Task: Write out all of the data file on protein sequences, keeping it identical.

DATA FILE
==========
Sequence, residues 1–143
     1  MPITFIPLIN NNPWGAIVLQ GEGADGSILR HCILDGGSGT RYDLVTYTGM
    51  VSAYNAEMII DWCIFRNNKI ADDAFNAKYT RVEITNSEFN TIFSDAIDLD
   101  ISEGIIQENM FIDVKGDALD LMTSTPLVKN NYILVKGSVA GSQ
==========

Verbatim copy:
Sequence, residues 1–143
     1  MPITFIPLIN NNPWGAIVLQ GEGADGSILR HCILDGGSGT RYDLVTYTGM
    51  VSAYNAEMII DWCIFRNNKI ADDAFNAKYT RVEITNSEFN TIFSDAIDLD
   101  ISEGIIQENM FIDVKGDALD LMTSTPLVKN NYILVKGSVA GSQ